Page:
Wall key linked to the wall types schedule Keyed notes make drawing presentation `cleaner' using the advanced Revit annotation system

Door tag linked to door families and door schedule.

Schedules are generated instantly when the correct parameters set up in the families

More time is required by consultants because...

Design is more developed. More coordination is done in virtual world, not in real world, reducing waste

Time line


Floor Plan, elevation, Section drawings in 2D

Old school: Drawing is more straightforward


·Coordinate ·Detailed drawings in 2D


·Schedule ·Details ·Issuance in 2D

New school: Not so straightforward since coordination and production combined in single process


Floor Plan, elevation, Section drawings in 2D



·Coordinate ·Some detail drawings in 2D


·Drawing in 3D ·Family generation ·View generation ·Coordination ·Schedule


·Model clean up ·Tagging & Annotation ·Pre-production ·Issue

Extra time needed to build up 3D components and families.

Draw in 3D including Floor Plan, Furniture, RCP, Façade, half Structure, Staircase

Time to generate 3D

New school: Make elements in 3D to generate 2D drawing

Old school: Drawing in 2D is the final representation of what will be produced



Still in 2D

It is better to start building BIM after the concept design is confirmed, so that the developing of the `families' can be more streamlined towards the production of the final deliverables. Families contribute towards quantity take off. Details is recommended to be in 2D to reduce the `load' of the BIM model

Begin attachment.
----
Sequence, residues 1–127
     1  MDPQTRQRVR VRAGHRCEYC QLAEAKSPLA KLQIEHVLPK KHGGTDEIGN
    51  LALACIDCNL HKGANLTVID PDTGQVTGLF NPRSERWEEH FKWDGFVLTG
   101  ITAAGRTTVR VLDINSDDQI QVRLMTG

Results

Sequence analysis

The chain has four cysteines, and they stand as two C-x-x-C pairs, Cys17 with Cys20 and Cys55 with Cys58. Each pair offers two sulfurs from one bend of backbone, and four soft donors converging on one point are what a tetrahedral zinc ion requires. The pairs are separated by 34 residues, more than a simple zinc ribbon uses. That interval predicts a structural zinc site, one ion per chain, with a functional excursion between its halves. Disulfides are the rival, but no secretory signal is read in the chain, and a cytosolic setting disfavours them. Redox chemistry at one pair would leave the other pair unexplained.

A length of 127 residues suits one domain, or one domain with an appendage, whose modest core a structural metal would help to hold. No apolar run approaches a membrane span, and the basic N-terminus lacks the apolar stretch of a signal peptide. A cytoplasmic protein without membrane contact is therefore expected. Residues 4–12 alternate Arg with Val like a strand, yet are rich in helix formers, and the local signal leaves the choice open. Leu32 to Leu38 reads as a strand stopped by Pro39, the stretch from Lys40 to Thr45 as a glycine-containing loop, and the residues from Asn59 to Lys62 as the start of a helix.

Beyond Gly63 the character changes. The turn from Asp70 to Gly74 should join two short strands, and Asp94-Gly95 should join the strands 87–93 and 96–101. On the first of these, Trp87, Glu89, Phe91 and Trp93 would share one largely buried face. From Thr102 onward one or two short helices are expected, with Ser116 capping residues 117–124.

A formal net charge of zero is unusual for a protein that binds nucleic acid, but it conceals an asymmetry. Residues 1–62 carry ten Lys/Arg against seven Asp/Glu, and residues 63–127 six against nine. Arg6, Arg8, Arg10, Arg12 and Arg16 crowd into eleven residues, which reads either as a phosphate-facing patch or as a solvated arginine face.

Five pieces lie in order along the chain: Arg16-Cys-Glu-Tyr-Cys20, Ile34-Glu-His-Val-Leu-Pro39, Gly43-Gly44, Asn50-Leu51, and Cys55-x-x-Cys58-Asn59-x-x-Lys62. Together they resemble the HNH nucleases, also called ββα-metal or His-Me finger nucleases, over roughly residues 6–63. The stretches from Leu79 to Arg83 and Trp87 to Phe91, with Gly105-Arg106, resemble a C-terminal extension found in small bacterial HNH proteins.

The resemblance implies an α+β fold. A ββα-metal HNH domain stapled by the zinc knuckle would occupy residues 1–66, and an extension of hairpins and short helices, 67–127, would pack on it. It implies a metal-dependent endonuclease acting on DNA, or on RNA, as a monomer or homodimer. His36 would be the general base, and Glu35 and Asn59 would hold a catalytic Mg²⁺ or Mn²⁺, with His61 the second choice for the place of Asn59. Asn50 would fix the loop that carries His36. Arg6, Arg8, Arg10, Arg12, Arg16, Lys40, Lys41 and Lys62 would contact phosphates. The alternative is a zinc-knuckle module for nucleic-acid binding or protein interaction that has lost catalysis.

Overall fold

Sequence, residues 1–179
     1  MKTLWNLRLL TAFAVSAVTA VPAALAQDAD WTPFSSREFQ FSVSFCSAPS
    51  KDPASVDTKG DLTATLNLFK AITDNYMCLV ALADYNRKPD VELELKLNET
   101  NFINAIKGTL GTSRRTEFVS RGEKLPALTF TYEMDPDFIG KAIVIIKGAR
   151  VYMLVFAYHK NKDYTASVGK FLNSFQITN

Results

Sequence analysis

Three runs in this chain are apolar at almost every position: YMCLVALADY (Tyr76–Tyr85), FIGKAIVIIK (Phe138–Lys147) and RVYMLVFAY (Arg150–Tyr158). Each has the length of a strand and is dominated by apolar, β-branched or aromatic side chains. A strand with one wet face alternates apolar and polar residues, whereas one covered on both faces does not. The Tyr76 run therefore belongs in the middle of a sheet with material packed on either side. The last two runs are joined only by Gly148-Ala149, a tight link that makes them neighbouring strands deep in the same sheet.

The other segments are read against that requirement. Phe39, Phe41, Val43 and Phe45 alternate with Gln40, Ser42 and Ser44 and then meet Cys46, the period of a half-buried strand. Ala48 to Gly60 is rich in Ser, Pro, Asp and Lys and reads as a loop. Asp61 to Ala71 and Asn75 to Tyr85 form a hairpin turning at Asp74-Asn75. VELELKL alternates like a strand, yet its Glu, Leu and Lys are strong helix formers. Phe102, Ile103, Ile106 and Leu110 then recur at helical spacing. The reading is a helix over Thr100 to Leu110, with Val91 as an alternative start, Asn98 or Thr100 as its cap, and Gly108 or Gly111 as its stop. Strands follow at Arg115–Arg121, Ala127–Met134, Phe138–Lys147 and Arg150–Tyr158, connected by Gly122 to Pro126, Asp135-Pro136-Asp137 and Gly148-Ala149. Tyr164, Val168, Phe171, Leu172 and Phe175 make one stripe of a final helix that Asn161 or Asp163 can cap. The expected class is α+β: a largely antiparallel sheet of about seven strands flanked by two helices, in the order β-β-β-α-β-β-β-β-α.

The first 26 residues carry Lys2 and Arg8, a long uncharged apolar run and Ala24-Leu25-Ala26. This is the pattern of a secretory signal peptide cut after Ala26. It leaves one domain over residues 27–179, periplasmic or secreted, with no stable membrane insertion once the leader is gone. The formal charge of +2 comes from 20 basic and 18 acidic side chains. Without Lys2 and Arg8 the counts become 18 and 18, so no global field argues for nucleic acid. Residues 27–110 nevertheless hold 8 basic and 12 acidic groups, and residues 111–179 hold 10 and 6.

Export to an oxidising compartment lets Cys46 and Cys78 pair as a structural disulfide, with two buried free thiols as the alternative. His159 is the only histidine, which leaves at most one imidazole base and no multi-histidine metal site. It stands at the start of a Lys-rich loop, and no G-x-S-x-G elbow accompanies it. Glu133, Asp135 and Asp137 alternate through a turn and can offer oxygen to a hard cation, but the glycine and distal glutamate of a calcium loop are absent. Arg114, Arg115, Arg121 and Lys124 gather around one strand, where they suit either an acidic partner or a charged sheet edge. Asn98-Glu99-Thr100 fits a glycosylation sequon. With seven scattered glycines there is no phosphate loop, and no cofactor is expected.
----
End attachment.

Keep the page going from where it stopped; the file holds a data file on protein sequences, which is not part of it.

New school: More process to reach final product


Data & Families Elements tagging Draw Issue

Process & Sequence

Coordinated RCP Schedule Elevation

All Process in CAD

CAD: Drawing is more straightforward

Coordinated Floor plan Section Details Drawing Issuance

BIM: Process requires both BIM and CAD collaboration

Coordinated Floor plan Coordinated RCP Elevation Details

Drawing Issuance

Generated Automatically Combined production in CAD Revit

Process in CAD

Build in BIM

Annotate & tag Build in BIM

Schedule generation Annotate & tag Build in BIM

Process in BIM

Schedule generation Sections

Annotate & tag

It is important to create families such that the correct tags are set consistently throughout the same group. Once Families setup correctly, plans are updated automatically. Once this one the following process will be streamlined

Plan from the end in mind



Door schedule

Door tag

Door family

Red line markups was conducted, but was found not effective since updating and generating view for printing takes time and preparation. Picking up changes is also not as straightforward as 3D CAD Some PCs are not powerful enough to generate view fast for checking using review software In the future online checking shall be implemented with upgraded hardware

Drawing Checking